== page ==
Thompson continued to contribute irregularly to Rolling Stone. "Fear and Loathing in Elko," published in 1992, was a well-received fictional rallying cry against Clarence Thomas, while "Mr. Bill's Neighborhood" was a largely non-fictional account of an interview with Bill Clinton in an Arkansas diner. Rather than embarking on the campaign trail as he had done in previous presidential elections, Thompson monitored the proceedings from cable television; Better Than Sex: Confessions of a Political Junkie, his account of the 1992 campaign, is composed of reactionary faxes sent to Rolling Stone. A decade later, he contributed "Fear and Loathing, Campaign 2004" — an account of a road jaunt with John Kerry during his presidential campaign that would be Thompson's final magazine feature. Clarence Thomas (born June 23, 1948) is an American jurist and has been an Associate Justice of the Supreme Court of the United States since 1991. ... William Jefferson Bill Clinton (born William Jefferson Blythe III[1] on August 19, 1946) was the 42nd President of the United States, serving from 1993 to 2001. ... Better Than Sex: Confessions of a Political Junkie is a 1994 book written by American author and journalist Hunter S. Thompson. ... John Forbes Kerry (born December 11, 1943) is the junior United States Senator from Massachusetts, in his fourth term of office. ...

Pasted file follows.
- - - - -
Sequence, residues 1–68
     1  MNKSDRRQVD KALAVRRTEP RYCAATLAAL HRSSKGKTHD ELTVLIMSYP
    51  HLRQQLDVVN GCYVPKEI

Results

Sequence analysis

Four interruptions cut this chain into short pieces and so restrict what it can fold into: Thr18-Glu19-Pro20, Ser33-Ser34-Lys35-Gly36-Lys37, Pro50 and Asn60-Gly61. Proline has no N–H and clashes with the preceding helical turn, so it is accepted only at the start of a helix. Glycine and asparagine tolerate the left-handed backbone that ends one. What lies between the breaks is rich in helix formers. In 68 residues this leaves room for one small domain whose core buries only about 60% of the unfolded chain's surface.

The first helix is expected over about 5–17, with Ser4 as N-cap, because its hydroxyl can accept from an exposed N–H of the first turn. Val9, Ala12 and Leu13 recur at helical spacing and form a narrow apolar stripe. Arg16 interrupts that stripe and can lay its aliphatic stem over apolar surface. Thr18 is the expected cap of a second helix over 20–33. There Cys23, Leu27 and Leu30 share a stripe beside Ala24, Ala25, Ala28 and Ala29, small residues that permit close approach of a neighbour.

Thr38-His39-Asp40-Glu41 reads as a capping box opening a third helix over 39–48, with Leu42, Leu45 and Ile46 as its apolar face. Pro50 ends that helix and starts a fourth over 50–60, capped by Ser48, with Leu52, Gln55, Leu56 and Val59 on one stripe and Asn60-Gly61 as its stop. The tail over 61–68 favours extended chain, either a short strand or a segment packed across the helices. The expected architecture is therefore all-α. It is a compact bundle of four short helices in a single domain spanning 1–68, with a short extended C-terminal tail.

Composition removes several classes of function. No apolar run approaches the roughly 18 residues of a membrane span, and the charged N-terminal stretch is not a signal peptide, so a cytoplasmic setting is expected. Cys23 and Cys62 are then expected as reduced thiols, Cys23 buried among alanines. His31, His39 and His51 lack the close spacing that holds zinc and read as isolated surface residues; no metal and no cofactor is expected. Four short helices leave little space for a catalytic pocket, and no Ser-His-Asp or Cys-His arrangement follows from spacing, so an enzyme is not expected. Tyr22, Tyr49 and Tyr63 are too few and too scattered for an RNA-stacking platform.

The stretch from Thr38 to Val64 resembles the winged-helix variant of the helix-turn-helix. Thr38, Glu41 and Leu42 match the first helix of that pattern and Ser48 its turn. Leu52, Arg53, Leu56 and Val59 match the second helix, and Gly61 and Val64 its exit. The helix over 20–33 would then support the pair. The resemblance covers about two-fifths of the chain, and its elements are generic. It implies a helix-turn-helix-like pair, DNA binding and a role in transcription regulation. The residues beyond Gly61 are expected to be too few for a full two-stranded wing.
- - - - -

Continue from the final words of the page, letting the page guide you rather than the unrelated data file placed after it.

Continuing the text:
Thompson was named a Kentucky Colonel by the Governor of Kentucky in a December 1996 tribute ceremony where he also received keys to the city of Louisville.[26] This article is about the honorary title. ... Official language(s) English[1] Capital Frankfort Largest city Louisville Area  Ranked 37th  - Total 40,444 sq mi (104,749 km²)  - Width 140 miles (225 km)  - Length 379 miles (610 km)  - % water 1. ...